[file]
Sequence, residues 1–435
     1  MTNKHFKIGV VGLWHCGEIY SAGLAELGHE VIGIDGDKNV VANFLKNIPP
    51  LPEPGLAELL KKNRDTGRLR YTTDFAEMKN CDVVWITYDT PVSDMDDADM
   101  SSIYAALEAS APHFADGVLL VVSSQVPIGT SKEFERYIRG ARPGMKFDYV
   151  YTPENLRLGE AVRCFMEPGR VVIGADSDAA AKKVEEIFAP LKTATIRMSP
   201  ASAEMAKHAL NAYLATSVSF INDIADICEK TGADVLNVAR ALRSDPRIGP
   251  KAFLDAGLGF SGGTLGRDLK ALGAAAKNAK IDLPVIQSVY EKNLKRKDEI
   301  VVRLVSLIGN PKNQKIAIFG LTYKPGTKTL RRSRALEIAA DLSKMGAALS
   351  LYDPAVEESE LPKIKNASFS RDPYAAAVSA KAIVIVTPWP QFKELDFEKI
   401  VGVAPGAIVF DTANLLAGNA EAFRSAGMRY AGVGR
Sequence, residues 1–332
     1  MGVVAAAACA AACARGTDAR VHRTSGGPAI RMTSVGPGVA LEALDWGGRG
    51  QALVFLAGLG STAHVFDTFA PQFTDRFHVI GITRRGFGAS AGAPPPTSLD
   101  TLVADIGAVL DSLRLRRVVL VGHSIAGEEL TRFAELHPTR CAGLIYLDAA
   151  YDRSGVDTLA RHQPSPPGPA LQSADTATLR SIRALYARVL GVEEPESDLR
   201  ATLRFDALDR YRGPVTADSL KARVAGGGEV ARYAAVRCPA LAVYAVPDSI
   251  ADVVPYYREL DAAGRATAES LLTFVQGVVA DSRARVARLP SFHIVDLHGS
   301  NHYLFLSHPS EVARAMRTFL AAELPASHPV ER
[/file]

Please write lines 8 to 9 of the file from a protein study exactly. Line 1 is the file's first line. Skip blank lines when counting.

   301  VVRLVSLIGN PKNQKIAIFG LTYKPGTKTL RRSRALEIAA DLSKMGAALS
   351  LYDPAVEESE LPKIKNASFS RDPYAAAVSA KAIVIVTPWP QFKELDFEKI